Updated: 12/17/2013 11:25 PM
Created: 12/17/2013 10:18 PM WHEC.com
By: Joangel Concepcion
A family says they are re-living a nightmare after a judge dropped the charges against a man accused of killing their loved one in a hit and run case.
It's been almost a year since the accident and the family says their hearts are broken, yet again.
This crash happened on East Avenue, near Kilbourn Road in Pittsford, back on January 28.
Vaughn Steele, 26, was hit and killed. Family members said he was waiting for a bus at the time.
Investigators said about three hours after the crash happened, someone called 911 and told the operator he hit the man. Deputies later charged Michael Hanna with leaving the scene of an accident that resulted in death.
But last Friday a judge dropped that charge.
News10NBC spoke with Steele's family about the charge being dropped. We also spoke to a Monroe County official on this case.
From the beginning, investigators never looked at this case as a homicide or manslaughter. They said there was not enough evidence to press those kinds of charges, so they went with what they could, leaving the scene of an incident causing physical injury or death without reporting.
Now, that charge, the only charge, has been dismissed.
Steele's family said 2013 has been nothing but hell.
“My son was a beautiful person. He was a loving, kind young man that will do anything for anyone,” said Juanita Hall-Caswell, Steele's mother.
They suffered the kind of loss that time hasn't been able to heal.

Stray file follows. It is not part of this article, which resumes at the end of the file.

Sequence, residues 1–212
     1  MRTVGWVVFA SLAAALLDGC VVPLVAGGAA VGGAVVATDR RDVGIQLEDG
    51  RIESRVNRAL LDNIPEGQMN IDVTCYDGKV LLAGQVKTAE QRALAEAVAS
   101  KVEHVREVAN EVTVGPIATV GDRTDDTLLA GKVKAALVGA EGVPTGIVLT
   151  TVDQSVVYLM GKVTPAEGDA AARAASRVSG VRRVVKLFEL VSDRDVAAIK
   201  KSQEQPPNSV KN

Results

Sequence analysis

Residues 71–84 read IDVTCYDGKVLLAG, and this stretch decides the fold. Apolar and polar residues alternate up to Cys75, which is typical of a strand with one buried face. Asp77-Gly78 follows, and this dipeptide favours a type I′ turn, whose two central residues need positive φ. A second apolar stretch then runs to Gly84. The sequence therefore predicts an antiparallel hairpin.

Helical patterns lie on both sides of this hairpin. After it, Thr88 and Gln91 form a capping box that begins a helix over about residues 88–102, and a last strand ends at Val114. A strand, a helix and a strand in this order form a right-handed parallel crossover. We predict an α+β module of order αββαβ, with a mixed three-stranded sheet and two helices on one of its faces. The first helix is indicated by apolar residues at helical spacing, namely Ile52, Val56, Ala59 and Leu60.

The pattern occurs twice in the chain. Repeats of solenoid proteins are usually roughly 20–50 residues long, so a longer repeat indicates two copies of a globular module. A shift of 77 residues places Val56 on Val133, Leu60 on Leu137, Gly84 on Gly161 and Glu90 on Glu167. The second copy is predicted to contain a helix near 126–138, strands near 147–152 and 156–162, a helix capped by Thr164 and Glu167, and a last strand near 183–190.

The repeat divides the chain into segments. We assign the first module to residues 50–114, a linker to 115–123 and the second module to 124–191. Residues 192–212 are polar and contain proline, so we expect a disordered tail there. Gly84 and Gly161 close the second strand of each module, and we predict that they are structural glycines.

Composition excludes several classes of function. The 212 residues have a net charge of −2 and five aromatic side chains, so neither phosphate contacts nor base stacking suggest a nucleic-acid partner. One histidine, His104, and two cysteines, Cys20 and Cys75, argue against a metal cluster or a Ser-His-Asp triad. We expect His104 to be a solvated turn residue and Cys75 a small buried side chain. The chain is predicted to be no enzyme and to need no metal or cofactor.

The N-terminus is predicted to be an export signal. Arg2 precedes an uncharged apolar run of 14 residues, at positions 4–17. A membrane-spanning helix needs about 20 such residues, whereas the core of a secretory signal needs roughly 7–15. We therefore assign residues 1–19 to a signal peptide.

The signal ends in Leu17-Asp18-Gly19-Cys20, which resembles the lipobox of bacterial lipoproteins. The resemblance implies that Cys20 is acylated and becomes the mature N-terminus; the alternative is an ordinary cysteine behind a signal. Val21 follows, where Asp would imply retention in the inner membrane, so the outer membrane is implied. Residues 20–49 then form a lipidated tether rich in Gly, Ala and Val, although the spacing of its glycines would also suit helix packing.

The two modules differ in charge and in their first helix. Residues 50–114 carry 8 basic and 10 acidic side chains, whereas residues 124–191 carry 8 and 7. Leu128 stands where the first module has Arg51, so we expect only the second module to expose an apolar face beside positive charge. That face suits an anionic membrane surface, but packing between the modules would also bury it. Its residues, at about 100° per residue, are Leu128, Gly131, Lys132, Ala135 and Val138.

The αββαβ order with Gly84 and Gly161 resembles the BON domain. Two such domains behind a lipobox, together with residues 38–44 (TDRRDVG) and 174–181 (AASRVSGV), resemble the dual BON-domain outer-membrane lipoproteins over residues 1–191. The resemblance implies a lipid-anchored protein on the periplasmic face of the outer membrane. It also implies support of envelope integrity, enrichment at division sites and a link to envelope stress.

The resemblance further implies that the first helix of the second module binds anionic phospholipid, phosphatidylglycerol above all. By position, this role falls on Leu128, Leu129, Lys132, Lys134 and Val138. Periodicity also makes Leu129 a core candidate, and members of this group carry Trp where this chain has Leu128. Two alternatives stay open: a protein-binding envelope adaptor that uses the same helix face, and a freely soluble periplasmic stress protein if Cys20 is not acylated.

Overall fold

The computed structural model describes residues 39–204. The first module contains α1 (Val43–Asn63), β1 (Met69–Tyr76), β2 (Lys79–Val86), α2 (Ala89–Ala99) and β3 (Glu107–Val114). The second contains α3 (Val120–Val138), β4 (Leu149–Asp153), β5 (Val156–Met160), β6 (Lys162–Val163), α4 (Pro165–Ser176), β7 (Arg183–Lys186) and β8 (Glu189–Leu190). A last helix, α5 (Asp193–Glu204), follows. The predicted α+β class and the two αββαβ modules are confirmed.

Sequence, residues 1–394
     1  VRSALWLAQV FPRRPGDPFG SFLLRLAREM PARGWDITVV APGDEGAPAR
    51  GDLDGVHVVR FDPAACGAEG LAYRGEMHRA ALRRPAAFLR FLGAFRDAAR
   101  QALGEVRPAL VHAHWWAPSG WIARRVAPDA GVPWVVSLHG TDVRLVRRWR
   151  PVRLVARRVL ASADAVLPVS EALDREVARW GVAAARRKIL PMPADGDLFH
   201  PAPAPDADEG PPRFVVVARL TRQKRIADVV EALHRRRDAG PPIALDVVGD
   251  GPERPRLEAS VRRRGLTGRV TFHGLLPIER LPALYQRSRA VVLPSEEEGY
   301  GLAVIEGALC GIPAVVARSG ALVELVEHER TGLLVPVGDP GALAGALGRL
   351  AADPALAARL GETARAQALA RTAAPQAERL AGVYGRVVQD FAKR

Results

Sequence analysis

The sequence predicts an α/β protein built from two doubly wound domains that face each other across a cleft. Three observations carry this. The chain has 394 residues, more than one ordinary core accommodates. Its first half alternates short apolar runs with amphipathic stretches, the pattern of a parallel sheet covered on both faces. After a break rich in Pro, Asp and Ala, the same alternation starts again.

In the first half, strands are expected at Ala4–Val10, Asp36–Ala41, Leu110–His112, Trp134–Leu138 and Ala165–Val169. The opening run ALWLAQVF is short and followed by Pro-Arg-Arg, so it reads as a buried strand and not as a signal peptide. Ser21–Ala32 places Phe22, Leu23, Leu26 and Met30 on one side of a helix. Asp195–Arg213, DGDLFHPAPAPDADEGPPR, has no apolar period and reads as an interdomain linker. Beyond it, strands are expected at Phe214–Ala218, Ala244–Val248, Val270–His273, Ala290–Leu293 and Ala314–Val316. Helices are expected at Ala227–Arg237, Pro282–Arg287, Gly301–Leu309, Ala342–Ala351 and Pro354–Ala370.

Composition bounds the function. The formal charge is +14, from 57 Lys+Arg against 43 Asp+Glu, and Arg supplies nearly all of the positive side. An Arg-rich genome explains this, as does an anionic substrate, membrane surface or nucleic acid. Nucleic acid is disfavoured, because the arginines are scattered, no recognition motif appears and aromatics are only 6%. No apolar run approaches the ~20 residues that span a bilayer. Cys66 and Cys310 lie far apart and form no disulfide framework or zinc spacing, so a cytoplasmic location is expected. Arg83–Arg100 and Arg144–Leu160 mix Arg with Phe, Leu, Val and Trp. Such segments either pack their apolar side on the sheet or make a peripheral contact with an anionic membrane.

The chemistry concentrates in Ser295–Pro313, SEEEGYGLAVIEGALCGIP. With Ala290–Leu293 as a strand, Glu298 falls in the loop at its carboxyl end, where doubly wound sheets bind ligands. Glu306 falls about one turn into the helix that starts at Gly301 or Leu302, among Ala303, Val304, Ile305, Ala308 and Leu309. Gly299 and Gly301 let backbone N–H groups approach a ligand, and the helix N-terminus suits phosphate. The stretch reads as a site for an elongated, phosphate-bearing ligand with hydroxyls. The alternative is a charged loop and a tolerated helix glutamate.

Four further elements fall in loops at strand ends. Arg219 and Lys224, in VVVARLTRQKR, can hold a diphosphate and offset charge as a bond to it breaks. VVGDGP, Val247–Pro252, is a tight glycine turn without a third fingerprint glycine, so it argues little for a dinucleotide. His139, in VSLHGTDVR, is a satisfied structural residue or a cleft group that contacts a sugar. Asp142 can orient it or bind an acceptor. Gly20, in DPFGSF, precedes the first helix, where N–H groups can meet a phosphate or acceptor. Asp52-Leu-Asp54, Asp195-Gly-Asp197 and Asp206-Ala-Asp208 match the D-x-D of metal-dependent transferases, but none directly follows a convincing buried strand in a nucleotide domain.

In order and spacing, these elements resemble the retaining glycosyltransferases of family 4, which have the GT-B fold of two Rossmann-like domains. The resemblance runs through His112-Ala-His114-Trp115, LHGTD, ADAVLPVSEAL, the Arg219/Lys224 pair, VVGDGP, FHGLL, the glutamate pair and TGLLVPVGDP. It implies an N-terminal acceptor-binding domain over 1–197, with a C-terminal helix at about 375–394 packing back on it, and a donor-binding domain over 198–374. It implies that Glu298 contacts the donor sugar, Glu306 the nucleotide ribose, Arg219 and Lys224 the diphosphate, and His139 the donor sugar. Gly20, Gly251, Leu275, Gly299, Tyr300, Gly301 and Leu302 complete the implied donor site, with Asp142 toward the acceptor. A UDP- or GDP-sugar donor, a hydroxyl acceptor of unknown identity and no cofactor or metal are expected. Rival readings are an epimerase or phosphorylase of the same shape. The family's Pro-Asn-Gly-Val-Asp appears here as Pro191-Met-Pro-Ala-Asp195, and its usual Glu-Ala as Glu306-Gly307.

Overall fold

“We are still in pain. For them it may feel like it's a year, it's over. But for us, it feels like it just happened,” said Passion Hall-Steele, Steele's sister.
But now, this family said that pain runs much deeper. A judge dropped charges against the man accused of leaving the scene of the crash that killed their loved one. The judge ruled there was insufficient evidence to continue the case. It's a decision that doesn't make sense to family members.
“I don't think it's fair that he is walking free and my brother is dead,” said Hall-Steele.
Investigators say the driver, Michael Hanna, left the scene, but later called 911 and admitted to hitting something earlier in the night. It was that call that officials say lead to the judge's decision.
“Once he was aware that someone may have been injured by his actions, he acted accordingly, according to the court's review of the papers. That's what it's all about. It's not about someone not being held accountable,” said Ray Benitez, Chief of the Monroe County DWI Bureau.
Benitez says the judge based the decision on facts alone.
“I won't be able to tell you exactly what the evidence was, but I can tell you we presented a complete case before the grand jury. We left no stone unturned,” he said.
In the court's eyes, this case is over. But that will never be the case for Steele's family.
“Even though these people in authority think they have the last say, God has the last say. He sees all, he knows all, and we all know this isn't right,” said Hall-Caswell.
Investigators ultimately blamed the bad weather conditions, the darkness in the area and the fact that the victim was wearing dark clothing and walking down a busy street. All of those factors were considered in the decision making process.
It's a ruling this family said they will never agree with.